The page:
Hugs Not Drugs – 

Jan. 1, 2021 – As complications of the opioid crisis spread in US communities, nurseries across the country also felt the impact of the crisis. Over the last 2 decades, the number of infants diagnosed with neonatal opioid withdrawal syndrome (NOWS), also known as neonatal abstinence syndrome, grew nearly eightfold, reaching 1 infant diagnosed every 15 minutes in the United States in 2016. However, just as overdose deaths represent only a fraction of adults affected by the opioid crisis, diagnoses of NOWS represent a fraction of all opioid-exposed infants. Currently, there are no gold standard diagnostic criteria for NOWS nor validated quality measures for opioid-exposed infants. Thus, there remain substantial gaps in care delivered.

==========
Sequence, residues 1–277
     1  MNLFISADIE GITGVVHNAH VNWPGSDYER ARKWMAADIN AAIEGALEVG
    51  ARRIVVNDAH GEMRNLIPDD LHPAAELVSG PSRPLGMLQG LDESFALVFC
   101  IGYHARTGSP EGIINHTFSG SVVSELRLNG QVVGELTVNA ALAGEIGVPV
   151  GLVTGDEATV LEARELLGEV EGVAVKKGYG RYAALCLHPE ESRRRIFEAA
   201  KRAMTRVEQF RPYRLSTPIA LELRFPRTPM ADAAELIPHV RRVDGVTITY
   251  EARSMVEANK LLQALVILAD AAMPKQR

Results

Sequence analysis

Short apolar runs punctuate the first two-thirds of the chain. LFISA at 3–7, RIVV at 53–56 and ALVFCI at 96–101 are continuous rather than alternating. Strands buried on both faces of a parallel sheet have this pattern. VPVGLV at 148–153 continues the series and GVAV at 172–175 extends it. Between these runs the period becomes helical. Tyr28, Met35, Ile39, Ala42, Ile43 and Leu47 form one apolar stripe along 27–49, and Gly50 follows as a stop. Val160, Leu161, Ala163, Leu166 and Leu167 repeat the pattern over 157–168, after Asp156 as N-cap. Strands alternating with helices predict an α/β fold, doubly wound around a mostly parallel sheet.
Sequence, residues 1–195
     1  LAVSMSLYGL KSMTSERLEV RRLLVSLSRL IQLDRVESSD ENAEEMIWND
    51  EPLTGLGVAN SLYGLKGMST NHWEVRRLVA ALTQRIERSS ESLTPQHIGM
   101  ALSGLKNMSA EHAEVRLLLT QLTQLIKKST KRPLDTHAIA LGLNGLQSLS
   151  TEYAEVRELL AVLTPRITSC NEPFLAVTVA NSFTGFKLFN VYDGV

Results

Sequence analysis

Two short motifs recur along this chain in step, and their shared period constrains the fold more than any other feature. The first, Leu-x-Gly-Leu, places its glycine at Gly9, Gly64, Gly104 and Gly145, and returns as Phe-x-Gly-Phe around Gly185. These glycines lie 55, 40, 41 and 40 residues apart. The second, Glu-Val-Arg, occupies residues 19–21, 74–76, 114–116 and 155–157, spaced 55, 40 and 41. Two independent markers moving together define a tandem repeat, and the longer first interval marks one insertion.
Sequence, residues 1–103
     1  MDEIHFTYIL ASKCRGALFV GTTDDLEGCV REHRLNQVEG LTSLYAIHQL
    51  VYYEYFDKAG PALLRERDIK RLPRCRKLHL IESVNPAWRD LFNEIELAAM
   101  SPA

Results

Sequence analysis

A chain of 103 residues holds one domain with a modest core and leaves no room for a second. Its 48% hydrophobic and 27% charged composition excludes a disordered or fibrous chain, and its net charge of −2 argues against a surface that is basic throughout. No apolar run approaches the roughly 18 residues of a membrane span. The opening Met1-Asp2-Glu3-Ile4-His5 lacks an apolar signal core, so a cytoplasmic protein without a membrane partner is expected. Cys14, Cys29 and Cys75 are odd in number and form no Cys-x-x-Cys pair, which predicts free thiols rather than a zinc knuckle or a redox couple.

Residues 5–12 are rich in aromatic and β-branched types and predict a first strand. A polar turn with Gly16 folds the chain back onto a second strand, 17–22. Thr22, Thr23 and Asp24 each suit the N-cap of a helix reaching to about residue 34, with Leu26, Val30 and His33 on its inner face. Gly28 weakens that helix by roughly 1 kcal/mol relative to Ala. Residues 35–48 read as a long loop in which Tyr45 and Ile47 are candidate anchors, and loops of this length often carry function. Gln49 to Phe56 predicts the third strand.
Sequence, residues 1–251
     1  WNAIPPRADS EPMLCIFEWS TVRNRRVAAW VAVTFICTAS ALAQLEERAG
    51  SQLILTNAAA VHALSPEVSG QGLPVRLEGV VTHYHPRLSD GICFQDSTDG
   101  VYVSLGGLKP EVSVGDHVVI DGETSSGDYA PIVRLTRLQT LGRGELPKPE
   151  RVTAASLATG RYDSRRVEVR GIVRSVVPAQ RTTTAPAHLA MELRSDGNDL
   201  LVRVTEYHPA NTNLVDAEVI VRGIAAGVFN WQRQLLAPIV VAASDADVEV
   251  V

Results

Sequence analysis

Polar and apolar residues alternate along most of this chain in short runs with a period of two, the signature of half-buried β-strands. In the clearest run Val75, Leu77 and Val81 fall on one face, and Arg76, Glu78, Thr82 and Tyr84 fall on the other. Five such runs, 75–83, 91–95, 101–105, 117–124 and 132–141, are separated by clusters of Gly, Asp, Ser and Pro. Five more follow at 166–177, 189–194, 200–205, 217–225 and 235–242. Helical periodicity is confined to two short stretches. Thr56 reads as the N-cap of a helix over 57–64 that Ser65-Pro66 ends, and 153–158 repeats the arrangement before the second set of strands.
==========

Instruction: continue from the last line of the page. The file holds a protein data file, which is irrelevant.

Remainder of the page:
In this issue of Pediatrics, Young et al4 present findings from a large cohort of infants treated at 30 hospitals participating in the ACT NOW (Advancing Clinical Trials in Neonatal Opioid Withdrawal Current Experience Study). The authors found profound variation in care for NOWS in every domain examined, including which units cared for these infants and breastfeeding rates. Strikingly, the proportion of infants requiring pharmacotherapy ranged from 6.7% to 100% and hospital mean length of stay ranged from 2 to 28.8 days between centers. Although the authors found hospital differences in study populations, it seems implausible that individual patient factors could account for this level of variation. It is apparent that 2 decades into the present opioid crisis, and despite countless state and national efforts to improve quality of care for opioid-exposed infants, one of our nation’s most vulnerable populations is receiving highly variable care, resulting in disparate outcomes.

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